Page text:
October 7, 2009
By Alton K. Marsh
After two decades in the dust and the dark, the former Reno racer Tsunami is the subject of a grassroots fundraising campaign to help it fly again.
Sharon Sandberg, daughter of Tsunami’s late owner, John Sandberg, is launching a $600,000 fundraising campaign to restore Tsunami to a flyable condition. It first raced at Reno’s National Championship Air Races and Air Show in 1986 and was dubbed the fastest piston-engine airplane in the world. Planning for the aircraft began in 1979 under a joint agreement between John Sandberg and Bruce Boland.
During its racing career it was raced by Steve Hinton (his son just won this year’s Unlimited Gold race) and Skip Holm. It did win a heat and set a course record, averaging 430 mph to 480 mph per race during its career from 1986 to 1991, but could never put away the championship.
Tsunami was capable of speeds in excess of 500 mph. The airplane first flew in August 1985. If restoration is funded, Sandberg plans to tour the aircraft and donate it to a museum. She has established a Web site to fund the restoration.
AOPA Pilot Senior Editor Alton Marsh has been a pilot since 1970 and has an airline transport pilot certificate and instrument and multiengine flight instructor certificates, aerobatic training, and a commercial seaplane certificate.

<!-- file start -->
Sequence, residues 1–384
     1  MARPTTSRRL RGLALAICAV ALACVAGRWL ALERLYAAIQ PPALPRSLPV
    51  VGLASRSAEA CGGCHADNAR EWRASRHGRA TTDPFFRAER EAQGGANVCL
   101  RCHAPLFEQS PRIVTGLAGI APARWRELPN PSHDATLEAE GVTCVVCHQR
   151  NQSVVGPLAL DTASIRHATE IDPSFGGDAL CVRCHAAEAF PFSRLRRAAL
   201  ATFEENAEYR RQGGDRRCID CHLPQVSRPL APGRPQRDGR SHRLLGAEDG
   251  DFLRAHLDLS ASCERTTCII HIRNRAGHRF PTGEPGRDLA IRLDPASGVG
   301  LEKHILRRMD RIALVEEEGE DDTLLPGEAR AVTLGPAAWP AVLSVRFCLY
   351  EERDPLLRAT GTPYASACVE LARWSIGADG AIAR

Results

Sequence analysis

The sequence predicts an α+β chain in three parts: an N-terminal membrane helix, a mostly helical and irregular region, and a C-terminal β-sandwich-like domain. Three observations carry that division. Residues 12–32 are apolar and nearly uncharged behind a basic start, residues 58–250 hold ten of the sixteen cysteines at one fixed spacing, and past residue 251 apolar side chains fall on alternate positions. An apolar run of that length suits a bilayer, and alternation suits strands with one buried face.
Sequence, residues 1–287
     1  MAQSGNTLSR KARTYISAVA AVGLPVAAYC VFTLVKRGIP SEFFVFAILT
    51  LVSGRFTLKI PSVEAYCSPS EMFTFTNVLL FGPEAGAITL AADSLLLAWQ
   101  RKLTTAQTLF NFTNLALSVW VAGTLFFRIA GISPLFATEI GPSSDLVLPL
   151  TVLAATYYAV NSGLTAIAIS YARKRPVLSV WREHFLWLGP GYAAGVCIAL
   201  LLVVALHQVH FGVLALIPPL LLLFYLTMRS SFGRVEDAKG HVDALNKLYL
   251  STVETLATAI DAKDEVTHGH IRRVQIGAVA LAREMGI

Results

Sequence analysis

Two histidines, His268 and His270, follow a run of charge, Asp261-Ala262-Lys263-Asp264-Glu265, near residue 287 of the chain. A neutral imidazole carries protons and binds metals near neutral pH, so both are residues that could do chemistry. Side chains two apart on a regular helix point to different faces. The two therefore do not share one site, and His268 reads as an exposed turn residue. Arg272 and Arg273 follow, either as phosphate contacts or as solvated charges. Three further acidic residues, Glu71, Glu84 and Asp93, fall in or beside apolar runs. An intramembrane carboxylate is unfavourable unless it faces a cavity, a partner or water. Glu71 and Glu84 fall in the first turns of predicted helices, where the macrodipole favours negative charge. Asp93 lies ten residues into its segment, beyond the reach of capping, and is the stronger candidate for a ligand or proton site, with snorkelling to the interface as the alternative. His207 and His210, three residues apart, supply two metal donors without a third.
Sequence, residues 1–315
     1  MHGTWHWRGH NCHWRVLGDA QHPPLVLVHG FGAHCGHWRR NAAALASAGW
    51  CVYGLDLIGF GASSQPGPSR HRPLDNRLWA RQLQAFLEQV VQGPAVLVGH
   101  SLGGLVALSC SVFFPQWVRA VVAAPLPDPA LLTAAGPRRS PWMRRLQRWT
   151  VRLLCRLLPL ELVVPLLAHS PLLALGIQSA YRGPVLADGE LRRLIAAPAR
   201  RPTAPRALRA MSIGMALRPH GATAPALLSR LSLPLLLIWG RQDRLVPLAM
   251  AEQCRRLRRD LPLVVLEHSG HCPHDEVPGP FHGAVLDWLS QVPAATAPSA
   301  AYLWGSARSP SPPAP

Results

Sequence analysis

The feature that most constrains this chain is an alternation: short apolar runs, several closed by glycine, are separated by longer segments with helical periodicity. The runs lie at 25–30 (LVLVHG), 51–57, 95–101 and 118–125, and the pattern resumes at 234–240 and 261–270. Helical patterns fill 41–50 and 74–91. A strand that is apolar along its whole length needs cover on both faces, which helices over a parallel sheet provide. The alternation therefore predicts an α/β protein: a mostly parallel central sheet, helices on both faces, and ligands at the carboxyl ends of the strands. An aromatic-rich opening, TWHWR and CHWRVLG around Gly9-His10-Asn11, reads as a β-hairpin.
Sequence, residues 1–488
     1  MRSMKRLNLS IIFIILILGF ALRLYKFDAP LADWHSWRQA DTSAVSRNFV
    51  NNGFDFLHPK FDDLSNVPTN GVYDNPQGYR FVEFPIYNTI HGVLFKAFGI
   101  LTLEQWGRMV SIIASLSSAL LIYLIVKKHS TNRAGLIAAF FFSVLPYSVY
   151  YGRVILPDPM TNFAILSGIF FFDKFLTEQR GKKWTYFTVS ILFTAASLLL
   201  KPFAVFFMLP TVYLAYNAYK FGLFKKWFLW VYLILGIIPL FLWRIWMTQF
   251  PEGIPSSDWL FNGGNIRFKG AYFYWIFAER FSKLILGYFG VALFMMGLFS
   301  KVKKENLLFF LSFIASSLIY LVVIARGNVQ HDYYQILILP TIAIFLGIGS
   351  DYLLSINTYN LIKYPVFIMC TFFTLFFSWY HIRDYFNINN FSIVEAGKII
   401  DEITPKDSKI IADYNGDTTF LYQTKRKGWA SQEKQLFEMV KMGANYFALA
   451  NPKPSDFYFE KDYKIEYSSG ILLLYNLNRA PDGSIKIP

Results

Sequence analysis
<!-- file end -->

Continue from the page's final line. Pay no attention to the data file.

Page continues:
As the cold weather chills AOPA’s Headquarters in Frederick, many of us are inside generating new resources for flying clubs.
In my house, every Friday night is “Movie Night.” While the movies are rarely educational (I don’t think I learned anything from the Lego Movie), we look forward to the weekly opportunity to spend time together. Why not use the same concept for your Flying Club (with the addition of education, of course)?
AOPA Flying Club Manager Kelby Ferwerda posted the following on the AOPA Flying Club Facebook Page: “Recently I’ve talked with quite a few Flying Clubs about maintaining social activity through the cold winter months. Some clubs host Holliday Parties, others have Potluck Movie Nights. What does your club do to keep members involved during the chilly months?”
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